I am pretty sure we have tallked in the GERD Forum. It is so important right now to pull all the strength you have and stick with foods that won't set off your binging. Make sure all the products you buy are high in protien but sugar free. I understand the binge eating. It is different than other addictions as you must eat to survive. If you quit smoking or alcohol or other things you would survive but we have to eat and just a few bites of something you love puts you right back to an addiction of the food.
Everthing we do is centered around food, parties, weddings, going out to eat and the Dairy Queen calls my name.
I agree with Karen, therapy again may be your best choice. Remember this is not something you chose to have but you can overcome your binging.
WE are here for you.
Kitt, Moderator: Anxiety/Panic & Depression& GERD Forums*~*
Hello Night Wish,
I am sorry your not in a good place right now. I know food has always been my comfort too and my Dad used to buy me food if I was feeling bad.When I got my divorce, my Dad said I just needed a good steak and it would be OK... the steak was good but the husband was not so He exited stage left.
Breaking up a relationship is difficult. Grief can be experienced even when an unfulfilling relationship ends, because, at the very least, you have lost the emotional investment you made in that relationship. There may be a sense of failure, hopelessness, loss, despair, fear, or desperation. In many cases, the length of the relationship compounds the pain of loss.
I would like to encourage you to consider counseling to help you through this painful time. One on one counseling can help you understand your feelings as well as teach you skills to cope with your pain.
Welcome to HealingWell, know that we are here and we support you.
Hello there :) Here is my recipe for meditation.
Choose a quiet spot where you will not be disturbed by other people or by the telephone.Sit quietly in a comfortable position. Eliminate distractions and interruptions during the period you'll be meditating.Commit yourself to a specific length of time and try to stick to it.Pick a focus word or short phrase that's firmly rooted in your personal belief system. A non-religious person might choose a neutral word like one, peace, or love. Others might use the opening words of a favorite prayer from their religion such as 'Hail Mary full of Grace', "I surrender all to you", "Hallelujah", "Om", etc.Close your eyes. This makes it easy to concentrate.Relax your muscles sequentially from head to feet. This helps to break the connection between stressful thoughts and a tense body. Starting with your forehead, become aware of tension as you breathe in. Let go of any obvious tension as you breathe out. Go through the rest of your body in this way, proceeding down through your eyes, jaws, neck, shoulders, arms, hands, chest, upper back, middle back and midriff, lower back, belly, pelvis, buttocks, thighs, calves, and feet.Breathe slowly and naturally, repeating your focus word or phrase silently as you exhale.Assume a passive attitude. Don't worry about how well you're doing. When other thoughts come to mind, simply say, "Oh, well," and gently return to the repetition.Continue for 10 to 20 minutes. You may open your eyes to check the time, but do not use an alarm. After you finish: Sit quietly for a minute or so, at first with your eyes closed and later with your eyes open. Do not stand for one or two minutes.Plan for a session once or twice a day.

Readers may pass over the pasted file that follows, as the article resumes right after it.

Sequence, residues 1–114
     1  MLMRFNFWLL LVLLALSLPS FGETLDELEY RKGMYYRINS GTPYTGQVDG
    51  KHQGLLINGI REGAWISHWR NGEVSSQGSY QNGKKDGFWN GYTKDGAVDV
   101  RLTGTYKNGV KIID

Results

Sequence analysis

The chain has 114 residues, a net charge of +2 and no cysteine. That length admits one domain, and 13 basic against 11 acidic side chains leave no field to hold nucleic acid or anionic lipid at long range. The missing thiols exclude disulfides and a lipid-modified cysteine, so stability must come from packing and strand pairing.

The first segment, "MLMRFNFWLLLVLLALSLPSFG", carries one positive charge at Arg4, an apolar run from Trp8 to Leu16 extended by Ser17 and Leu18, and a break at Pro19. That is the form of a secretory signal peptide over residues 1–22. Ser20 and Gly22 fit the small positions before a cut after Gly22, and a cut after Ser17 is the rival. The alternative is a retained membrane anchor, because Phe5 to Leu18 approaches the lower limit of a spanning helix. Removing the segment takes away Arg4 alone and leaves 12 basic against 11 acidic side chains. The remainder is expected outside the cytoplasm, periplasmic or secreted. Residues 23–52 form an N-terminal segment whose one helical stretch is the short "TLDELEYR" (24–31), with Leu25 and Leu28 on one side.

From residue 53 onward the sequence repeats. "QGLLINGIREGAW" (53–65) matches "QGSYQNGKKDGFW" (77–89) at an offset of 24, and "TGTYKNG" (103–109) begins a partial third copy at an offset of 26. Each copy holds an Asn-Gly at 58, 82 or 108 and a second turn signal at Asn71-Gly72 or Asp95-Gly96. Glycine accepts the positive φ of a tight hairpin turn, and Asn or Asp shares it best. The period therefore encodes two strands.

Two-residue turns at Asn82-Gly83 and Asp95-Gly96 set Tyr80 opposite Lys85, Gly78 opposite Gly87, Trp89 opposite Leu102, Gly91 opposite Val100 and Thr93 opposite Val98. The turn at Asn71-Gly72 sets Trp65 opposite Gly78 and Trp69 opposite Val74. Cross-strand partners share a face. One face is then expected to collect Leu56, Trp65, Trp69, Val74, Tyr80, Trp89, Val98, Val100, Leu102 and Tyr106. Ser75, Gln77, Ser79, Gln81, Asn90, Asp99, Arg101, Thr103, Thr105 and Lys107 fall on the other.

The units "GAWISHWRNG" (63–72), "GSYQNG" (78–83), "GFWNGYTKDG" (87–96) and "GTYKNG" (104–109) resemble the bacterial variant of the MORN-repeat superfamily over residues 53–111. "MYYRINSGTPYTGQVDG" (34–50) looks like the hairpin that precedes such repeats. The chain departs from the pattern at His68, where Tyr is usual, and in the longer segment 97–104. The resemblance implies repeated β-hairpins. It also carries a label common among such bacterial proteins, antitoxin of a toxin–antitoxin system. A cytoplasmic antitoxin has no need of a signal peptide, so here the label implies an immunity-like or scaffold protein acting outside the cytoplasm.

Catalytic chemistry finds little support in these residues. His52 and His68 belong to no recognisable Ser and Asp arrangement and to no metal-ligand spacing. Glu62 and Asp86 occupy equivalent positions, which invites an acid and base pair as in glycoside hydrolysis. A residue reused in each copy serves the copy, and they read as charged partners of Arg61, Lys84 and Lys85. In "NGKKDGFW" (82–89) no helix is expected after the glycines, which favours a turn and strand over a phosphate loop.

Good luck and keep us posted on how you are doing.
The info I have suggests first thing in the morning but I believe what ever time of day you pick is fine for meditation.
A time when there is little distraction going on may work best.
I wish you luck with the meditation and I am so happy that you have joined us.